Five Favorite Films

Sharlto Copley's Five Favorite Films

by | April 7, 2016 | Comments

(Photo by Getty Images / Chung Sung-Jun)


This week, Sharlto Copley stars in Hardcore Henry, an action adventure — with a first-person perspective — on which he also served as executive producer. Copley made his debut in Neill Blomkamp‘s 2005 short film Alive in Joburg, which was eventually expanded to the hit feature adaptation District 9, and his career progressed with films like The A-Team, Maleficent, Chappie, Elysium, and the Playstation television series Powers. We were excited to talk to Copley about his Five Favorite Films (Superman II came in at a very close sixth):

The Goonies (1985) 75%

I definitely have films that, for whatever reason, had an impact on me. One of the first ones is The Goonies, which I watched when I was a little kid growing up in South Africa. I actually came home from watching The Goonies and planned a whole movie that I recorded on the tape recorder. It was about some kids in a gang. They stumble upon a stolen piece of art. It’s actually not such a bad idea now that I think about it. [The Goonies] was definitely one of those films that I distinctly remember pushing me into, “This is what I’m going to do.” I’d been playing around with the camera, but that was like the turning point for me, The Goonies.

The Gods Must Be Crazy (1980) 85%

The first movie I ever saw in my life, interestingly enough, was The Gods Must Be Crazy. It was a South African movie. It’s ironic that years later, the next most commercially successful film from South Africa after The Gods Must Be Crazy is District 9. The effect was kind of an early imprint that South Africa belonged in motion pictures. Because there was nothing else for years, as I became an adult — or even a young man — I kind of realized it didn’t. Everything that South Africa made was terrible that I subsequently saw. Usually I was just ashamed of it. I was like, “Oh God, we make terrible television, we make terrible movies.” And even with Marius Weyers doing the South African accent — something that was uniquely South African and African could be commercial was just imprinted in my brain.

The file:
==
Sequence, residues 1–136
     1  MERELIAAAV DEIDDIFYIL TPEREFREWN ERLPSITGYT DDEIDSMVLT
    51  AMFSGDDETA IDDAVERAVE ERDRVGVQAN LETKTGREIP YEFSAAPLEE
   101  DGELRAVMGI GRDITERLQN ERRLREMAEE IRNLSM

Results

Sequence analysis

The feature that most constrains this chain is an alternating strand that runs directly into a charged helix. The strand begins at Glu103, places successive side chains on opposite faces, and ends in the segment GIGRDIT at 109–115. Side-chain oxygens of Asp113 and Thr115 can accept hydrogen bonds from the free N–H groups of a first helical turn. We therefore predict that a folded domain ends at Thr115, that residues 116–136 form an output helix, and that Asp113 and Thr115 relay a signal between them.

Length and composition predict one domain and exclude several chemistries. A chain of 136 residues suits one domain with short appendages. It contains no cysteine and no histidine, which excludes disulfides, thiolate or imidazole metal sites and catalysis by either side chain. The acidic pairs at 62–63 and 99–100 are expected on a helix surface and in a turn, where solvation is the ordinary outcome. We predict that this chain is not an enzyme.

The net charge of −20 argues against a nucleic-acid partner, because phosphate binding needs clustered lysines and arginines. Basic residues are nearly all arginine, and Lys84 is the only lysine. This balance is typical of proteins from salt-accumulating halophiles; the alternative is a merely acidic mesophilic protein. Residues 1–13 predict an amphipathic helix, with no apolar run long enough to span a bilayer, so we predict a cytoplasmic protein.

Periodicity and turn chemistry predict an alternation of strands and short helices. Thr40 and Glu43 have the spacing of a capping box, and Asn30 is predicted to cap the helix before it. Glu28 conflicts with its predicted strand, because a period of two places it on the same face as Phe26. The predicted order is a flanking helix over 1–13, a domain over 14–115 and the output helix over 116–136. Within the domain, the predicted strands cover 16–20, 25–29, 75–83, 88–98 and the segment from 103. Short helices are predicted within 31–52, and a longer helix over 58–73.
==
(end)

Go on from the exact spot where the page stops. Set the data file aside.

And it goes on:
Terminator 2: Judgment Day (1991) 93%

I think definitely Terminator 2 has to be in there. It was just masterful. The way [James Cameron] reversed the story for the sequel from the first one. I loved the first one, but I just thought… It was one of those rare occasions where the sequel topped the first movie for me.

Dead Poets Society (1989) 84%

Probably have to say Dead Poet’s Society, too. I’m a massive Robin Williams fan. Basically anything that he ever did.

Beverly Hills Cop II (1987) 43%

I was just a monumental fan of both Tony Scott as a director and Eddie Murphy. I suppose you can probably  tell now — and especially by if you watch Hardcore Henry, the performance styles of Robin Williams and Eddie Murphy, and Jim Carrey, that type of performance — Peter Sellers, which was obviously a bit before my time — but as I grew up going back and watching that, I love those kinds of actors. It’s  interesting all the sequels [I have] in here too [laughing].

Hardcore Henry  opens in wide release this week.

  • Sir Baronish

    This is a list of a man I can trust. He has genuine “favorite” films that mean something to him. No prissy choices that would clearly be movies that nobody would watch more than once yet somehow call “favorites.”

    • 5ubutai

      Yeah fuck those people who have seen films I haven’t seen.

      • Sir Baronish

        That’s not what I meant. What I was referring to was the often “pretentious” nature of a lot of “best of” lists, and many of them come across not as a list of favorites, but just as films they saw once and thought were great. THIS list, on the other hand, really DOES look like a group of films he really enjoys, and it gives you a good glimpse of his go-happy personality.

    • Max

      Just because you would never watch those films more than once, doesn’t mean no one would. Some people actually enjoy films for reasons other than mindless entertainment.

      • Sir Baronish

        I understand that. But this list fits the man’s personality, and I personally like the choices he made. He wasn’t afraid to veer away from the “greats” and voice a selection like “Beverly Hills Cop 2” because he enjoys it. For years and years when I would ask people their favorite films, I notice two trends: They either A) only have the classics (“Godfather”, “Casablanca”, etc) which is fine, or B) they label films that came out in the past year, which is also fine. I just like when someone mixes in some choices that nobody would expect, because it’s a film that they were entertained by and not swayed by public or critical acclaim.

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